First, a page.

During the First World War the Post Office build the largest wooden building in the world in Regents Park. It covered 5 acres, employed 2,500 staff and in the period 1914-18 dispatched 2 billion letters and over 100 million parcels. That’s an awful lot of mail which should contain many gems for historians and authors. The challenge, as the author acknowledges lies in separating the wheat from the chaff. Having managed that a compiler has to structure the book, either following some protagonists throughout their war, or perhaps covering the war more widely including excerpts from more correspondents. Jacqueline has opted for the latter approach, which also requires the addition of significant amounts of context by the author. It is very ambitious to seek to cover the Western Front, Gallipoli, Mesopotamia Italy, Russia and the Home Front in one 180 page work.
- Jacqueline Wadsworth
The author is not a military specialist and sometimes omits to include sufficient detail of location and context of a letter. She appears to view the casualty rates as far higher than they actually were and has chosen to omit any reference to gallantry awards received by any of the correspondents because “there must have been an enormous number who deserved recognition but went unnoticed.” The book’s structure means that most pages contain more of her words than extracts from letters.
The extracts from the trenches are fairly dry and matter of fact about fighting, if it is mentioned at all. Commentary on the weather, quality of billets and the other myriad factors of life in the field abound. A few extracts convey a deeper sense – a (public school educated) officer writing to thank his family for a hamper but directing them to send gifts to soldiers, not him. The author seizes on a protracted correspondence from a cavalry sergeant who was court martialled, convicted and pardoned of drunkenness. He writes well but his experience is hardly typical.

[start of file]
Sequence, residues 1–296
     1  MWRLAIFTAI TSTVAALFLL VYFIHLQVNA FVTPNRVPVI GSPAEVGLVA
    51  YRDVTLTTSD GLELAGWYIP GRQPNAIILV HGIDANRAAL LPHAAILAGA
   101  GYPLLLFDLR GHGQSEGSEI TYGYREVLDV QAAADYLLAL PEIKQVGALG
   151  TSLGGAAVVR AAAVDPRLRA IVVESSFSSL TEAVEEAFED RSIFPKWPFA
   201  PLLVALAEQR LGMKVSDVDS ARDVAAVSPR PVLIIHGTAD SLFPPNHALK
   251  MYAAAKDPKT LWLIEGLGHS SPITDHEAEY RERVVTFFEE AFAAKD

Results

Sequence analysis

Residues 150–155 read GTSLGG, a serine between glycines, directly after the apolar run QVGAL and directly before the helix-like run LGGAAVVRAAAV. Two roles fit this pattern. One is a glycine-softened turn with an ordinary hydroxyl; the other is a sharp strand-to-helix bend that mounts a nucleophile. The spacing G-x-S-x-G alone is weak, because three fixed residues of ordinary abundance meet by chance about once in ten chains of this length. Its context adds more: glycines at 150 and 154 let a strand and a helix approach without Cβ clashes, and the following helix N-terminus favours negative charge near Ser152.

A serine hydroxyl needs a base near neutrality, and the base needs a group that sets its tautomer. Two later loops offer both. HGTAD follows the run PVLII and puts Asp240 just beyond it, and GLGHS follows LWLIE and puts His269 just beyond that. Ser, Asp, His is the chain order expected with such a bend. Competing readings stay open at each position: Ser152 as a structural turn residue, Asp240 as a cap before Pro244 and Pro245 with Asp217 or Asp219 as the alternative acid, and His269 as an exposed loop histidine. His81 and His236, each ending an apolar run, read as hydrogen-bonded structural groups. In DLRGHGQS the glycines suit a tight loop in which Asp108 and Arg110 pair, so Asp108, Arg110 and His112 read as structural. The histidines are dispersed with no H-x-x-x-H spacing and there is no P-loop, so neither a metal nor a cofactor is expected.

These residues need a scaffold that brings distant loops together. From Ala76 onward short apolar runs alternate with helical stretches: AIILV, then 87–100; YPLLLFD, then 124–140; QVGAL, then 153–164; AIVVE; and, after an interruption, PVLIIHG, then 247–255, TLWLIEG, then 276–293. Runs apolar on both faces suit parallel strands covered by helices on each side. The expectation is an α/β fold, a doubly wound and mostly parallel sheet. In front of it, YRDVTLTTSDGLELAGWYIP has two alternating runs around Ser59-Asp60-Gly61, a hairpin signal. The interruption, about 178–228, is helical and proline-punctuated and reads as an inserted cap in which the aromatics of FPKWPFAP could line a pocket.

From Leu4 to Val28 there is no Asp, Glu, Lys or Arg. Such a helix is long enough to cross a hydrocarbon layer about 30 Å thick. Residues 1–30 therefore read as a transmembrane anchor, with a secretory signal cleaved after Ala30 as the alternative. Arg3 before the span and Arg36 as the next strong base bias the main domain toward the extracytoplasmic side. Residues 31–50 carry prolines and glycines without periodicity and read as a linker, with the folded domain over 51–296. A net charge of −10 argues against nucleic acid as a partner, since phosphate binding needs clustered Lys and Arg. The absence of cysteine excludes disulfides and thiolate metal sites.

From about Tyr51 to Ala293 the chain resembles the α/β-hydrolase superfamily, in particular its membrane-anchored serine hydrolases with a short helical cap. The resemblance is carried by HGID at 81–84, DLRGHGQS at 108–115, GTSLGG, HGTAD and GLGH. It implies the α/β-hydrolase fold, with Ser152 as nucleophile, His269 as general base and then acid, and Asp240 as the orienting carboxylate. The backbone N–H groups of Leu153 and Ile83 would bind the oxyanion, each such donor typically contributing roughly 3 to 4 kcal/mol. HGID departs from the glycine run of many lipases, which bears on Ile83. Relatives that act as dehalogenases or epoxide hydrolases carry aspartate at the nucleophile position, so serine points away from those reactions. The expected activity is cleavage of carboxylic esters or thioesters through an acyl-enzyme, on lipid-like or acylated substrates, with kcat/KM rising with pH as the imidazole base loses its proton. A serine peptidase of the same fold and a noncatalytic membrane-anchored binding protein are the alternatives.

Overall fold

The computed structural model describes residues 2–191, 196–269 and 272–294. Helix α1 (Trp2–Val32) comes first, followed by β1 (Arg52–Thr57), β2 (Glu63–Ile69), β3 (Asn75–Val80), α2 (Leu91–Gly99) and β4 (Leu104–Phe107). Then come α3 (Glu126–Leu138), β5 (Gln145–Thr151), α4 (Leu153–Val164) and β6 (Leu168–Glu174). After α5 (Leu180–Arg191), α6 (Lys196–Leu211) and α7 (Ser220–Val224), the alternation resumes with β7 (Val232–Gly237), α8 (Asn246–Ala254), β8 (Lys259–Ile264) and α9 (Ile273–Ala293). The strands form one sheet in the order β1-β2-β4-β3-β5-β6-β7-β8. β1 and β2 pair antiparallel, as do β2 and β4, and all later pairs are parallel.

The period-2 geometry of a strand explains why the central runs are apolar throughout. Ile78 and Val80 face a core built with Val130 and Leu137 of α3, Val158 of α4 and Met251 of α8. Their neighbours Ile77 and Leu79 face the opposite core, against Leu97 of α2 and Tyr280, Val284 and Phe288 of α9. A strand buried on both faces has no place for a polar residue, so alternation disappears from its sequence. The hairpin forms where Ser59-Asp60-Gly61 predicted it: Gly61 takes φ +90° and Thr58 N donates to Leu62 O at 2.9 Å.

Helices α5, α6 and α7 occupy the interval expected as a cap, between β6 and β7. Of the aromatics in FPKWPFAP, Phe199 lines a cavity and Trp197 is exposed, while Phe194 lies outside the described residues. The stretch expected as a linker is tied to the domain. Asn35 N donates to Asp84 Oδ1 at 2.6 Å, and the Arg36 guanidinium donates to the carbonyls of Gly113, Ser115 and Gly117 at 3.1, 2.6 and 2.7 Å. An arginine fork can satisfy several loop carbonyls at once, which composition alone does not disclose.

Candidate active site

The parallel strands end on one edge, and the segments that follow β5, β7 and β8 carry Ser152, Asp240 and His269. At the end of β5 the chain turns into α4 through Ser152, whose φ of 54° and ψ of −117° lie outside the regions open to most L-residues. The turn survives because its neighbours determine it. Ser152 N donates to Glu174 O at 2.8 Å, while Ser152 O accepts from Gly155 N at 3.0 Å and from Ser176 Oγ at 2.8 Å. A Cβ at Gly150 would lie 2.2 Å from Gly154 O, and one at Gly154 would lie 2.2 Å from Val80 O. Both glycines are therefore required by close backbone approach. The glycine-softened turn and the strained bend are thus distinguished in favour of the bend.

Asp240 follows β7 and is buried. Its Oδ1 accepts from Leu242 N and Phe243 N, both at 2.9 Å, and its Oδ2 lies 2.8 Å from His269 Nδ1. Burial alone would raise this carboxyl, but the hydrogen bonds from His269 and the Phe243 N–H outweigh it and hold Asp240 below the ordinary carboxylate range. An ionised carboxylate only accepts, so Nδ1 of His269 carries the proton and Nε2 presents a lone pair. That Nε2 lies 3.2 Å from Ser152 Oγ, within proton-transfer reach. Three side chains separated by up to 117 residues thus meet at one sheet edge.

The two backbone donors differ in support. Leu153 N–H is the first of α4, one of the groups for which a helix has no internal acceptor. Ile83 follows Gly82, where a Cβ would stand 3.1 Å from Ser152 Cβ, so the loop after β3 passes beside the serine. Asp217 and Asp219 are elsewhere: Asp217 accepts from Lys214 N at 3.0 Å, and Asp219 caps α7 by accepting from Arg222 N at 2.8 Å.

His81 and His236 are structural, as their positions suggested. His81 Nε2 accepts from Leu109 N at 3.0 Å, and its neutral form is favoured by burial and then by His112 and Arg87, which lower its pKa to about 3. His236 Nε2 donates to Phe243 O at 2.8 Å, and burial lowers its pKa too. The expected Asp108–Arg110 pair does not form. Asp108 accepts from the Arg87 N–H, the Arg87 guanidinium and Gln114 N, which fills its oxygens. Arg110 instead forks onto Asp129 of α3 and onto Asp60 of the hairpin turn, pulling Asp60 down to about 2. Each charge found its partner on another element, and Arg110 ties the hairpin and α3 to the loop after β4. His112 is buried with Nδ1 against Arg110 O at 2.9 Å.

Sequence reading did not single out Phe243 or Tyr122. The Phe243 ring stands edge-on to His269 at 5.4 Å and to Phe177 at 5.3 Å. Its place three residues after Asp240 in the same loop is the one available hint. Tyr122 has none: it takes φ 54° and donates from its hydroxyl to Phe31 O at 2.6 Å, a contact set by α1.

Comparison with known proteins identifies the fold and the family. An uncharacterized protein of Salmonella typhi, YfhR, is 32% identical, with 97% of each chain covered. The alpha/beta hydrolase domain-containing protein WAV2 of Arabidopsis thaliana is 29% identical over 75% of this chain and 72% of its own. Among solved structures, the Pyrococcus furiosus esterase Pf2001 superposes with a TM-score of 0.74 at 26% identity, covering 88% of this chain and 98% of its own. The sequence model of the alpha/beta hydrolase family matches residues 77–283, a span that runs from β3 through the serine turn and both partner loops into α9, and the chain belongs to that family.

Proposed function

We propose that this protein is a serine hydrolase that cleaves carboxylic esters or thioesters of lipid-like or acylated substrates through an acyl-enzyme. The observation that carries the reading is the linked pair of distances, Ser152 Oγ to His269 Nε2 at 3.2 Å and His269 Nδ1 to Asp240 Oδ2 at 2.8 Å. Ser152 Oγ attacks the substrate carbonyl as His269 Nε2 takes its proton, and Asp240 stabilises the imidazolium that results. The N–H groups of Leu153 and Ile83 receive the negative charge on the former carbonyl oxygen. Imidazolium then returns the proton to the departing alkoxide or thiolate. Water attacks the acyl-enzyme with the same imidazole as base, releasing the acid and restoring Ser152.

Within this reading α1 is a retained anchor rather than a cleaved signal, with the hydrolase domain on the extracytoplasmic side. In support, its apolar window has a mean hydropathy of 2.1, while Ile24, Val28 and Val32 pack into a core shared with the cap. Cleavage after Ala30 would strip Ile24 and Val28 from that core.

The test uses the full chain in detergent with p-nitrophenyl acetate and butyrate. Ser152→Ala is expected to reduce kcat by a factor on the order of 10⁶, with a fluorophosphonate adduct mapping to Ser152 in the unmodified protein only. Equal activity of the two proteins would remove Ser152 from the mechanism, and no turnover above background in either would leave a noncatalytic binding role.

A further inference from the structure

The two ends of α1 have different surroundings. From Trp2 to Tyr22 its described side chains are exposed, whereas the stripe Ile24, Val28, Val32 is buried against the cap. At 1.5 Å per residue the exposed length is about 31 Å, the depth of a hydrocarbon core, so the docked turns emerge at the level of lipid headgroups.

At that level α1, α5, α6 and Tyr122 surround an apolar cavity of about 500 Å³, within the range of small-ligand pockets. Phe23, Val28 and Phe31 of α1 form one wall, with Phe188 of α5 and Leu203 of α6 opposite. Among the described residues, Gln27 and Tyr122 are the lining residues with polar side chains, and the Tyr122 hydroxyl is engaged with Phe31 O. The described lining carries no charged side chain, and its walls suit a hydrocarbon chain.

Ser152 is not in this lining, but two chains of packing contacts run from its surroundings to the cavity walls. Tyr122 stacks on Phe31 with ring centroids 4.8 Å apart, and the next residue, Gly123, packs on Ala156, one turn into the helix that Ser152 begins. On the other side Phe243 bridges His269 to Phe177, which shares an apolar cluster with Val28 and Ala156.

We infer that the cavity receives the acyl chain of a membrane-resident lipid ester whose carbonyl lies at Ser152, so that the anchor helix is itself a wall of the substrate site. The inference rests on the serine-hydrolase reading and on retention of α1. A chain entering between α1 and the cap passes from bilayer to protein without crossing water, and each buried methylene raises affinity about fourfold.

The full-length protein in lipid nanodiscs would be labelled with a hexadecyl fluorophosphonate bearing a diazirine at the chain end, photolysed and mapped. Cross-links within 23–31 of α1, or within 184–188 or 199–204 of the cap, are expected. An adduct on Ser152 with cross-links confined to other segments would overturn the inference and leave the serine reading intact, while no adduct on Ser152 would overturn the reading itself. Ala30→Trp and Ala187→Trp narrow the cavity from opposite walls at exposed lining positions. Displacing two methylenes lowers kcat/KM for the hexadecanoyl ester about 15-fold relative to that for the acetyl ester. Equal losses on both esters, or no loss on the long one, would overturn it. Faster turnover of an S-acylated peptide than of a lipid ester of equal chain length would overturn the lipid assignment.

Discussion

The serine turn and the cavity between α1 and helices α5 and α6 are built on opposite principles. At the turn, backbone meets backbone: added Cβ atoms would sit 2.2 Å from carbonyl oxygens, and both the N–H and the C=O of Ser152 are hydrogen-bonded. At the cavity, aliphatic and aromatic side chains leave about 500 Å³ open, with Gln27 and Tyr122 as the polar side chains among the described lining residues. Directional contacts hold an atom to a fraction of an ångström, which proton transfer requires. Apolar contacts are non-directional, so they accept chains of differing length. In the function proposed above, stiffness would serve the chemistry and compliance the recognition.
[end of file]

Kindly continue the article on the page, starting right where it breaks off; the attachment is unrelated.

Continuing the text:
The wider context of the book includes letters from soldiers in home based units, both training and garrison artillery as well as letters from Empire servicemen commenting on England. There are also letters from wives and sweethearts to soldiers. The extracts are generally printed verbatim, as they should be. The author has chosen to then highlight grammatical errors with [sic] every time they happen. Why she does this I do not know; they impede the flow and give the impression that the author is sneering at some of her selected correspondent’s literary levels. It is infuriating. She also places explanatory notes in square brackets in the text, rather than covering it in her prose or foot notes. Most extracts are separately indented; some are not which is tiresome.
This book seeks to portray almost the entire war from extracts of letters of fewer than one hundred correspondents. At least a quarter of the letters are not from the trenches at all. It does give a general feeling of what the war felt like to some of the protagonists, who may or may not have been typical, and it is easy enough to read. But having read it the average reader will not have gained much knowledge or understanding of the First World War. It is disappointing.